A Tag Category has a collection of Tags available within it. If the Category is “single cardinality”, it means that an object can only be assigned one tag in the category. This might be good for a category associated with ownership or recovery point objective (RPO). A Category can also be “multiple cardinality”, where a single object can be assigned multiple tags in a category. This would be helpful to associate applications with a VM, or a list of support teams that need notified if there is a planned impact or outage.

I’m going to show you how to manage Tags and Tag Categories with PowerCLI (Specifically with the PowerShell ISE and a profile to load PowerCLI), but you can manually create and manage them through the vSphere Web Client, under the Tags item on the left hand menu. You can create and delete and rename tags and categories there all day long, and you can right click on an object almost anywhere else and select Edit Tags to edit the assigned tags on it. When you view most objects, you’ll see an area in the Summary tab labeled Tags that will display and let you manage assignments.

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Announcement: Github repo for common vCenter roles

Last week, I was installing some of the vRealize Suite components and was creating accounts for each component using the Principle of Least Privilege. I was sometimes able to find vendor documentation on the required permissions, sometimes I found a few blog posts where people guessed at the required permissions, but in almost no cases was I able to find automated role creation. Perhaps my google-fu is poor! Regardless, I thought it would be nice to have documented and automated role creation in a single place.

To that end, I created a repo on GitHub called vCenter-roles. I use PowerCLI to create a role with the correct permissions, and only the correct permissions. Each cmdlet will allow you to specify the role name or it will use a default. For instance, to create a role for Log Insight, just run the attached ps1 script followed by the command:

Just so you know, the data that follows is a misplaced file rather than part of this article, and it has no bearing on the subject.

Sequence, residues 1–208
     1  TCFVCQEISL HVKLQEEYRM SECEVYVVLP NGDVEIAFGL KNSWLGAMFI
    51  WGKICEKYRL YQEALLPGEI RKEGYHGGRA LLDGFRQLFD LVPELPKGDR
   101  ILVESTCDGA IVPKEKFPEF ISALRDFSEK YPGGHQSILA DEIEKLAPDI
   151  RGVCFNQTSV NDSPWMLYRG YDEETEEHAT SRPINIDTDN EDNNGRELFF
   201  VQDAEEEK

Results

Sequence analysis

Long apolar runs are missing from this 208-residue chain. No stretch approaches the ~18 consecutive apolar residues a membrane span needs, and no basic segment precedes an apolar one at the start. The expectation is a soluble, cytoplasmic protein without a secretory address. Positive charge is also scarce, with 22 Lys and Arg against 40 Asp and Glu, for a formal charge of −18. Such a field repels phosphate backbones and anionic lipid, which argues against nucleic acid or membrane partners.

New-LogInsightRole

It’s that easy!

I will be adding some other vRealize Suite roles as I work my way through the installation, but there are tons of other common applications out there that require their own role, and not just VMware’s own applications! I encourage you to open an issue or submit a Pull Request (PR) for any applications you use. The more roles we can collect in one place, the more helpful it is for the greater community. Thanks!

Deploying Windows Images with KMS keys

I’m not all that familiar with Windows licensing models, so I stumbled into a bit of surprise with KMS keys recently. If you are using a central KMS server that you do not maintain, and someone gives you a KMS key, you can ignore it! That’s for the KMS Host, which is where the licensing happens. Your nodes will be KMS Clients and they will use a Generic Volume License Key for activation. The Client communicates with the Host, which tells the client if it is activated and provides all the necessary information for that to happen (I don’t know how the Host does that, that’s the beauty of letting someone else run that service!). In this case, you are often given media to use for the Windows install that includes the GVLK, so you don’t need to do anything but communicate with the KMS Host. It’s a pretty nice setup, all considering.

However, IF you do something silly like put the KMS Host key on your Clients, you won’t get far. The Host key can only be activated 10 times on 6 hosts, so very soon you’ll run into trouble, if not immediately. You have to switch back over to the GVLK and activate using that. Microsoft maintains a list of GVLKs for each edition of Windows. The lookup of the KMS Host is done by DNS, but you can manually configure the KMS Client as well. Once the GVLK is in place, activate the key. Here are the three commands you will need, using Windows 2012R2 Datacenter as the GVLK:

cscript c:\windows\system32\slmgr.vbs /ipk W3GGN-FT8W3-Y4M27-J84CP-Q3VJ9
cscript c:\windows\system32\slmgr.vbs /skms kms.example.com:1688
cscript c:\windows\system32\slmgr.vbs /ato

These commands need to be run from an administrator-privilege command prompt or PowerShell session.

If you are using templates, run the first command on the template. Ensure the deployment process is not adding license information. In vCenter, this means removing all options from the License Information portion of the Customization Specifications in ALL customization specs. Add the /skms and /ato commands to the existing commands in the Run Once section: